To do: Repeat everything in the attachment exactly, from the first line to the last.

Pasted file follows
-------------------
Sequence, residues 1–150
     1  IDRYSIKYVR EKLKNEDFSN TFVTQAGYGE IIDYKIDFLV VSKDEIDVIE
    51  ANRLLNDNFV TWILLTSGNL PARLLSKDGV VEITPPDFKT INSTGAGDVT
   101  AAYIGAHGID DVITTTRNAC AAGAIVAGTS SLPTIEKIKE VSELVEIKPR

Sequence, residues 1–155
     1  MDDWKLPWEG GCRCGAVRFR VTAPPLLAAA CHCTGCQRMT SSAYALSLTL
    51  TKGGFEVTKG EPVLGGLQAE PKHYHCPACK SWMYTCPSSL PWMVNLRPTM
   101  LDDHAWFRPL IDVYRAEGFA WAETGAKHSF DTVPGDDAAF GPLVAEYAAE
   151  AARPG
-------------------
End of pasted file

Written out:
Sequence, residues 1–150
     1  IDRYSIKYVR EKLKNEDFSN TFVTQAGYGE IIDYKIDFLV VSKDEIDVIE
    51  ANRLLNDNFV TWILLTSGNL PARLLSKDGV VEITPPDFKT INSTGAGDVT
   101  AAYIGAHGID DVITTTRNAC AAGAIVAGTS SLPTIEKIKE VSELVEIKPR

Sequence, residues 1–155
     1  MDDWKLPWEG GCRCGAVRFR VTAPPLLAAA CHCTGCQRMT SSAYALSLTL
    51  TKGGFEVTKG EPVLGGLQAE PKHYHCPACK SWMYTCPSSL PWMVNLRPTM
   101  LDDHAWFRPL IDVYRAEGFA WAETGAKHSF DTVPGDDAAF GPLVAEYAAE
   151  AARPG